How Taxes Affect Dividend Policy

Personal taxes on dividends can profoundly affect a firm's choice between paying dividends and repurchasing shares. Because the pretax proceeds from both strategies are equal, the only difference between the two methods of cash distribution is the amount of the tax liability generated by each.

The Tax Disadvantage of Dividends. Exhibit 15.4 details the immediate tax consequences to an individual investor, if a firm chooses to distribute $100 million in the form of a dividend versus distributing $100 million as a share repurchase. It assumes that the investor currently owns 10 percent of the outstanding shares and plans on maintaining the 10 percent ownership. It also assumes that the shares, if repurchased, will be repurchased at a price of $50 a share and that they were originally purchased at a price of $38 a share. It uses 35 percent as the tax rate on dividends and 20 percent as the tax rate on capital gains.

Although the immediate tax liability is considerably higher with the dividend alternative, the future tax liability incurred by shareholders when their shares are eventually sold is higher when shares are repurchased. This is because the share prices drop by the amount

6Until 1982, the tax on dividend income in the United States could be as high as 70 percent while capital gains were taxed at 50 percent of the ordinary rate. With the passage of the Tax Equity and Fiscal Responsibility Act of 1982, the maximum tax on dividends fell to 50 percent and that on capital gains was reduced to 20 percent. Since 1987, the maximum tax rate on dividends has fluctuated between 33 percent and 39.6 percent, while the rate on capital gains has fluctuated between 20 percent and 28 percent. Under the 2001 tax bill, the highest rate on ordinary income is scheduled to decline in increments to 35 percent by 2006.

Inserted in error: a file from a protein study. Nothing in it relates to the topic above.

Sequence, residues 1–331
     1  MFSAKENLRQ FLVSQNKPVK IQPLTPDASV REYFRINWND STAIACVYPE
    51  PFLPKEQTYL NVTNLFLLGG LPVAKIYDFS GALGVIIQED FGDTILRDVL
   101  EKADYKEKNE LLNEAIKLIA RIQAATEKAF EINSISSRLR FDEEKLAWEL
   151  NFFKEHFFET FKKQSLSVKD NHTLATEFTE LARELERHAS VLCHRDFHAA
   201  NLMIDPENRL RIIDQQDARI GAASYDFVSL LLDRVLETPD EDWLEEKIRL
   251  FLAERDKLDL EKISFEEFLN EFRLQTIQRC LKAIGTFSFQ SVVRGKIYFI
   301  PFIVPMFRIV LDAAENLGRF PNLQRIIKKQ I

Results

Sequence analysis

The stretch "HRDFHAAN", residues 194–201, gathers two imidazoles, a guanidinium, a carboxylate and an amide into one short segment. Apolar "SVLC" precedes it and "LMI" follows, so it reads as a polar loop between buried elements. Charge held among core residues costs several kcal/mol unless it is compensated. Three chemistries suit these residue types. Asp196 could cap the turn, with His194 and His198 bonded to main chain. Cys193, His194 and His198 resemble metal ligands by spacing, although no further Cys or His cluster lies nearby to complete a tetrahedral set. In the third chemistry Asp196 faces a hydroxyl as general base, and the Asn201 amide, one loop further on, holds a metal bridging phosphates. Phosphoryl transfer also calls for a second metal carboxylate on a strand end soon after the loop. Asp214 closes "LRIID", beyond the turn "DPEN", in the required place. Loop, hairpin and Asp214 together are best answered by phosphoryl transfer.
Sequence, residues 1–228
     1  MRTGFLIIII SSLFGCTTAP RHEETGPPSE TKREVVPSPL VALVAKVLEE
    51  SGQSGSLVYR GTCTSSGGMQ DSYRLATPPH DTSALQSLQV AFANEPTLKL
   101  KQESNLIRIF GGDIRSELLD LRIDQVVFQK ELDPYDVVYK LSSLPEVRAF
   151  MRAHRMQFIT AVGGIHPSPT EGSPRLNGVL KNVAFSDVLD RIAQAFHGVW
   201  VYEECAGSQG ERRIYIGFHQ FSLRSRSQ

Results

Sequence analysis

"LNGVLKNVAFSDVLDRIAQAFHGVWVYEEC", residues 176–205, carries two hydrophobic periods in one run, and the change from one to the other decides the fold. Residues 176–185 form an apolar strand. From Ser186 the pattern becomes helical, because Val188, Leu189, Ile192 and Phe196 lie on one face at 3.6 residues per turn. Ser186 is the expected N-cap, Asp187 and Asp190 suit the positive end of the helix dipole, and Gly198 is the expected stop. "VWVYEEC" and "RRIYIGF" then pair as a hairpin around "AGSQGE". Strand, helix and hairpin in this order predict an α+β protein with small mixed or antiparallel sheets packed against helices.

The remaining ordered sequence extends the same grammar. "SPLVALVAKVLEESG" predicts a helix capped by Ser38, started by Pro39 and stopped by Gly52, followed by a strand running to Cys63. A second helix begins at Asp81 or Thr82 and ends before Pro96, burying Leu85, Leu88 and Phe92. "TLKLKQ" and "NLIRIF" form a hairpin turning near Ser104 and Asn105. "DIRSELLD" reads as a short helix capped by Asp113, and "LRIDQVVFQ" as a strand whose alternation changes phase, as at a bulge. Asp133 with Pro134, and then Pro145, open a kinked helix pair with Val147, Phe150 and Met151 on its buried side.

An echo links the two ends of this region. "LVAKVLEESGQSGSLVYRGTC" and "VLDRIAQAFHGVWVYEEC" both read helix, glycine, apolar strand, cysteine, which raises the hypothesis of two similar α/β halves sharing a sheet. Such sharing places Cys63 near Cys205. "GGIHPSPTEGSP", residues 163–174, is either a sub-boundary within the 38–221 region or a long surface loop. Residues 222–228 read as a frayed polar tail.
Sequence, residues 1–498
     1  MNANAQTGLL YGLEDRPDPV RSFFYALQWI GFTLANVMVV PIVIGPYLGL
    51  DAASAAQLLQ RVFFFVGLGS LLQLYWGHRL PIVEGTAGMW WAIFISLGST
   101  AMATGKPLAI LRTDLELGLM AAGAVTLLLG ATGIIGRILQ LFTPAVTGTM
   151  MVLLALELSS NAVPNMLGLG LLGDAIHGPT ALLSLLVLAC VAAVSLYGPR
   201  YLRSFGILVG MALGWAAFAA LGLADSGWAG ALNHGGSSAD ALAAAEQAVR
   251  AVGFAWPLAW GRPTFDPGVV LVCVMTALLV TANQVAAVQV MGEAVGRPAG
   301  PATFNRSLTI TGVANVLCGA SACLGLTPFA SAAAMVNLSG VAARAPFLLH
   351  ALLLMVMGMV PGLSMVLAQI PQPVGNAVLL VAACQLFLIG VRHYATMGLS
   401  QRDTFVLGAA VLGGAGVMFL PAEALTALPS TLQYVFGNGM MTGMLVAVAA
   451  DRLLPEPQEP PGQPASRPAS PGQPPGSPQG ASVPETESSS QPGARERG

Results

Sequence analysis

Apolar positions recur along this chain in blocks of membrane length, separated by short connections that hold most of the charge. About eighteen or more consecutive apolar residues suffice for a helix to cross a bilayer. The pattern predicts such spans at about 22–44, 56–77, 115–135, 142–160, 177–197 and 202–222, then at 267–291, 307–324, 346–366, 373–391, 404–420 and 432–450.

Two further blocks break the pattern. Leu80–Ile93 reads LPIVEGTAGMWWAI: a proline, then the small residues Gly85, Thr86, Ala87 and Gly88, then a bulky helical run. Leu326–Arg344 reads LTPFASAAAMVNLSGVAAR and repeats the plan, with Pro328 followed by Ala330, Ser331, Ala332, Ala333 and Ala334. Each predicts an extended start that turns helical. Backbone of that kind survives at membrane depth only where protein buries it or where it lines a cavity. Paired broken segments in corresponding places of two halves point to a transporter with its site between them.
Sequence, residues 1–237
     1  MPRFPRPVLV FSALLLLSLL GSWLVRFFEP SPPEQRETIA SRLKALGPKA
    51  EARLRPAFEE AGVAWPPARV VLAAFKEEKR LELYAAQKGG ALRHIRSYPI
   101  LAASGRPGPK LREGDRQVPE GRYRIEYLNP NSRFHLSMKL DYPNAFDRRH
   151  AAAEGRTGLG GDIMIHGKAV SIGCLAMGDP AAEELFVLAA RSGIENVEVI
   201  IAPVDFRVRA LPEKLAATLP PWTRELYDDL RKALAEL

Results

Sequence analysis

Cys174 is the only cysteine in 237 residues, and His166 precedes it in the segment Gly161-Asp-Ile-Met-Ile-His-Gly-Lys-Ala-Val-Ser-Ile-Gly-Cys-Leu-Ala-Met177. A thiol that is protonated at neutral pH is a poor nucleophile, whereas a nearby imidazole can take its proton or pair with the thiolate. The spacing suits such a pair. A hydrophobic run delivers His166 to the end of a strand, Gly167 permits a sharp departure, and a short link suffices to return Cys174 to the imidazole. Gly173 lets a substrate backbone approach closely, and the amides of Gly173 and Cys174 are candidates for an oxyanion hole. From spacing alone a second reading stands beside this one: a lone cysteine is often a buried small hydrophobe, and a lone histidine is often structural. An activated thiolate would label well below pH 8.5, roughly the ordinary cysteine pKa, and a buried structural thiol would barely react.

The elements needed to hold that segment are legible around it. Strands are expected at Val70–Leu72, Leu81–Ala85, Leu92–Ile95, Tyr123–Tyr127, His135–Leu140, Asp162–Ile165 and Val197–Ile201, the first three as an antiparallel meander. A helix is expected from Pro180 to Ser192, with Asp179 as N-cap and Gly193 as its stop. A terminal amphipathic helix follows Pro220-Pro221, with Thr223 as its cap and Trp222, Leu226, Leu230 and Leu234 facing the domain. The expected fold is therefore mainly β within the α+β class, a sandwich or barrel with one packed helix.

Exhibit 15.4 Tax Consequences: Dividend versus Share Repurchase (in $ millions)

Dividend Alternative

Dividend

$100.0

Tax rate

X 35%

Immediate tax liability

$ 35.0

Share Repurchase Alternative

Proceeds from sale of 2 million shares

$100.0

Less original cost (at $38/share)

- 76.0

Taxable capital gain

$ 24.0

Tax rate

X 20%

Immediate tax liability

$ 4.8

of the dividend when a dividend is paid, making the future capital gains lower for shareholders who purchased stock prior to the dividend. However, the total amount paid in taxes (and its present value) is still considerably lower with the repurchase alternative.

Result 15.3 In the United States, taxes favor share repurchases over dividends. The gain associated with a share repurchase over a cash dividend depends on:

• The difference between the capital gains rate and the tax rate on ordinary income.

• The tax basis of the shares—that is, the price at which the shares were purchased.

• The timing of the sale of the shares (if soon, the gain is less, but if too soon, the gain may not qualify for the long-term capital gains rate).

Can Individual Investors Avoid the Dividend Tax? Miller and Scholes (1978) claimed that individual investors should be indifferent between repurchases and dividends because they can avoid the tax on dividends. Their dividend tax avoidance scheme is quite simple: An individual borrows money and invests in tax-deferred insurance annuities. The interest on the loan is tax deductible and can offset the taxable dividend income but not the individual's labor income. However, the tax on the insurance annuity can be deferred indefinitely. These transactions are illustrated in Example 15.3:

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